Dr. Ruth Talks to Kids: Where You Came From, How Your Body Changes, and What Sex Is All About Westheimer 1993 Submitter: The cover image attached features an endearing but very old lady who looks way too much like my
Teen-Age Vice (original title: Designs in Scarlet) Cooper 1939, revised 1957 How about a read on the hows and whys of teens in trouble? From my brief skim, this book is more about titillation rather than informational. Who wouldn’t want
Sarah T. Portrait of a Teen-Age Alcoholic Wagner 1975 I actually remember this title from my teen years and the accompanying after school special. Linda Blair, best known for the Exorcist, (which still gives me nightmares) she was the go-to
Drugs and Anger Rawls 1997 Submitter: Extremely unpopular and cringe-worthy to read, ‘Drugs and Anger’ has it all. Featuring an abundance of stock photos and the youth of yesterday, this book is unwanted in our library. I cannot imagine
Common Sense About Smoking Fletcher, Cole, Jeger and Wood 1963 The cover was the first the first thing I noticed. You can just tell those folks on the cover are truly enjoying a cig break. Don’t they look happy? That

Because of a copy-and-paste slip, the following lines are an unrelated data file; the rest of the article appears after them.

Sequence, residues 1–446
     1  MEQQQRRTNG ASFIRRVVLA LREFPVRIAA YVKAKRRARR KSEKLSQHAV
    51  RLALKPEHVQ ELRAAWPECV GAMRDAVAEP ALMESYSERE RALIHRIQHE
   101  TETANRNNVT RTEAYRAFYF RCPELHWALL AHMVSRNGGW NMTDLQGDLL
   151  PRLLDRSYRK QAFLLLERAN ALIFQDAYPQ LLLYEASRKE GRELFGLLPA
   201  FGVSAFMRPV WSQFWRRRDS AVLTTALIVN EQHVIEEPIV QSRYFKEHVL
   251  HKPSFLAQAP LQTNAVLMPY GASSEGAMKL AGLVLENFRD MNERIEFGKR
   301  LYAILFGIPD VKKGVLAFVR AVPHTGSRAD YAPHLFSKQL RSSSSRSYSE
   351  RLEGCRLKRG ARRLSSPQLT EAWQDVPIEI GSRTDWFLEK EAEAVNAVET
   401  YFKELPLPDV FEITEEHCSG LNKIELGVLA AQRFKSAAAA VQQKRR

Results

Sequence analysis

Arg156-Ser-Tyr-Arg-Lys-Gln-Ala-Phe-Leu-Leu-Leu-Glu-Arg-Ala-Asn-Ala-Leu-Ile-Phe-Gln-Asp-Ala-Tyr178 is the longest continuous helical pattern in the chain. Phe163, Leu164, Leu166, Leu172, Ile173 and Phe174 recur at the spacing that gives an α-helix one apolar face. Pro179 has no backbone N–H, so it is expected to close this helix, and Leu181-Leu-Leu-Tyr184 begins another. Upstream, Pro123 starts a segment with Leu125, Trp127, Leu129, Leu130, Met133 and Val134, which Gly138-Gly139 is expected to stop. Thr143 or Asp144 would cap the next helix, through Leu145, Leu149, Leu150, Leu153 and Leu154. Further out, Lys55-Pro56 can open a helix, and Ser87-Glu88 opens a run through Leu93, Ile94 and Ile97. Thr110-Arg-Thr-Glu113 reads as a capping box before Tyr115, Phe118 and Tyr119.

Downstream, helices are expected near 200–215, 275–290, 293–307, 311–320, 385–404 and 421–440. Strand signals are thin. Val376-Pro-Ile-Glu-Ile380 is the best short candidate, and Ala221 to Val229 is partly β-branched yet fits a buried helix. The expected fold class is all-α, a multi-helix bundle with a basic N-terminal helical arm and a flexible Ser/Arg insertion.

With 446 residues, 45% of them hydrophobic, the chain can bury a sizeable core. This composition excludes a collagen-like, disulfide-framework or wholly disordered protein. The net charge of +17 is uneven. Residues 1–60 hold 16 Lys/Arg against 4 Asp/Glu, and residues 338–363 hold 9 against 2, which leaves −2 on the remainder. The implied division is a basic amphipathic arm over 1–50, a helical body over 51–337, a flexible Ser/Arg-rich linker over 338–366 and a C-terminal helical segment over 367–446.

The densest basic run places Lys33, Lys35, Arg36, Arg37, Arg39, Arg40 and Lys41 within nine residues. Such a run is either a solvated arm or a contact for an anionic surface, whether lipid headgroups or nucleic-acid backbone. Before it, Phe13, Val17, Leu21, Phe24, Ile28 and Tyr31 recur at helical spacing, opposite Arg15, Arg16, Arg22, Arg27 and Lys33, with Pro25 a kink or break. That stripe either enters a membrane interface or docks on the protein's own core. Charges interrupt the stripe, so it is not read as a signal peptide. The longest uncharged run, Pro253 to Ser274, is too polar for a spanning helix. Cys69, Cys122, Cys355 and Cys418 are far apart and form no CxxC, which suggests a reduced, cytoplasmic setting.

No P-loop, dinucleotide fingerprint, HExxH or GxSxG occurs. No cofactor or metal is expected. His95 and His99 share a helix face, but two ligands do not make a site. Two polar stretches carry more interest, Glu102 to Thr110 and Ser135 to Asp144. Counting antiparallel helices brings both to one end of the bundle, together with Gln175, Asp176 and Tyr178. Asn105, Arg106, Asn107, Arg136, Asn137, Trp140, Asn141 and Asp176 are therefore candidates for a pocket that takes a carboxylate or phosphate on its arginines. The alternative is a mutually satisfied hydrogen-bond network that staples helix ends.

The Stop Smoking Book for Teens Casewit 1980 This lovely gem features some super interesting “facts” about smokers: Smoking isn’t cool, non-smokers have better grades than smokers, and non-smokers evidently make questionable fashion choices. (See first picture below.) Generally, this
Bear Engel 1976 Submitter: This is a controversial tale of two star crossed lovers. Taking place in the cold landscapes of Canada, this bizarre love story goes where most books don’t. You will explore themes of love like never before.
Drugs and Domestic Violence
Direct from the teen nonfiction collection: another book examining another social ill. These series are everywhere and probably used by students to write that report about how “drugs are bad”. Obviously the facts are out of date and this series just looks old fashioned. I have noticed a decrease in the last few years of students asking about the “drugs are bad” reports. I also noticed that these books have not been circulating either. The only chuckle for me on these books are the photos used to illustrate. They remind me of a more modern version of the classic filmstrip used in my high school health class. (Yes, I am that old.) Maybe the “drugs are bad” message is fading as a school assignment? Regardless it is outdated and it has low circulation.